People's Democracy

(Weekly Organ of the Communist Party of India (Marxist)


No. 38

September 20, 2009

 Five Day Strike of Jet Pilots


                                                                                          M K Pandhe


THE stoppage of work by over 400 pilots of Jet Airways hit the headlines of all the national newspapers on the question of summary dismissal of two leading pilots for a mere crime of formation of National Aviation Guild, union of Jet pilots. The pilots reported sick every day leading to cancellation of over 200 flights of Jet Airways and estimated loss of Rs 200 crores of earnings of Jet Airways. The Jet management terminated services of three more pilots after commencement of the strike.


The strike commenced on September 8 and settled on September 13 when the management agreed to take all the victimised pilots on duty.


The union labour ministry issued a notification more than three decades ago characterising civil aviation pilots as workmen under the Industrial Disputes Act 1947 and they have every right to form a union. The Indian Airlines and Air India have already permitted their pilots to form unions and negotiate with them on their service conditions.


It is reported that N Goyal, chairman Jet Airways when he signed a deal for borrowing money from a Singapore Company, there was a clause in the agreement that the Jet Airways would not allow any union to be formed in the company. The matter was reported by Umraomal Purohit, general secretary, HMS, in a national convention of workers held in New Delhi on September 14, 2009.  Even otherwise Goyal was against any union activity in Jet Airways.  He had taken stern action against employees who tried to form a union in Jet Airways.


All the central trade unions namely, INTUC, CITU, BMS, AITUC, HMS, UTUC, AIUTUC, AICCTU and TUCC in a joint letter to Wolfgang Prock-Schauer, chief executive officer of Jet Airways on September 8, 2009 stated, �you are pursuing a highly provocative anti-union course of action.  We demand the immediate revocation of termination notices served to the two pilots and that Jet Airways management recognise the National Aviation Guild (NAG).


The joint letter stated in the end, �please be warned that we stand solidly behind the pilots of Jet Airways and we will be calling upon all our trade unions to rally solidarity support�.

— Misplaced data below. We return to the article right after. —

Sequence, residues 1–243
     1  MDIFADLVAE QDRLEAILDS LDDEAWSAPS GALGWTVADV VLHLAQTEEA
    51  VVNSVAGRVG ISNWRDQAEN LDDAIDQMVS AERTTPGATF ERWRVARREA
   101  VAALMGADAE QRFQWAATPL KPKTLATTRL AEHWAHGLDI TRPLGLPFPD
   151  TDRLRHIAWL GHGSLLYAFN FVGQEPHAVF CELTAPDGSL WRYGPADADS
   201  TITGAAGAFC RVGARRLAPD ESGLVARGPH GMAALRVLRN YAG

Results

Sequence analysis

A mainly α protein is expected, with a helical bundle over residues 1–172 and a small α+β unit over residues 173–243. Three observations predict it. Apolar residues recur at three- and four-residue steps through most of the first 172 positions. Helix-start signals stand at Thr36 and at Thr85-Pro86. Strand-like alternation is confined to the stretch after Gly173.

Praful Patel, minister of state for civil aviation could not find time to meet the pilots but he met Jet Airways chief N Goyal and discussed the question of application of ESMA against the pilots and even engaging foreign pilots to break the strike of Jet Airways pilots.


It should be worth noting here that all the eight airline companies formed a cartel and decided to go on strike on August 19, 2009 to press the demand for reduction in price of aviation fuel.  The former secretary of department of civil aviation became the secretary of the newly formed cartel which clearly proves the nexus between the bureaucrats and the private airlines.  It is also surprising to note that the government of India had allowed Air India to join the cartel and the call for strike.


The minister of state for civil aviation outwardly gave a threat to the private airlines but had a friendly meeting with them and assured that he would take up their demand with the department of petroleum and natural gas.  In the past he permitted private airlines to defer their oil bills and airport charges for a period of six months.


When the daily passenger traffic of Jet Airways came down from 21,000 per day to 14,000 and several passengers were stranded, the minister of civil aviation did not direct the Jet Airways management to reinstate these victimised pilots and restore normalcy.  On the contrary, he refused to intervene in the dispute and failed to make any attempt to settle the issue according to law.


According to code of discipline, if there is a single union in the industry, the management has to accord recognition to the union.  In absence of this it would be treated as violation of the code and the government has to take action against the management.  However, the chief labour commissioner�s office carried forward fruitless negotiations without giving a clear-cut directive to the management to reinstate the victimised employees and to recognise the National Aviation Guild.  It is clear that the chief labour commissioner�s office was acting under pressure from Jet Airways management.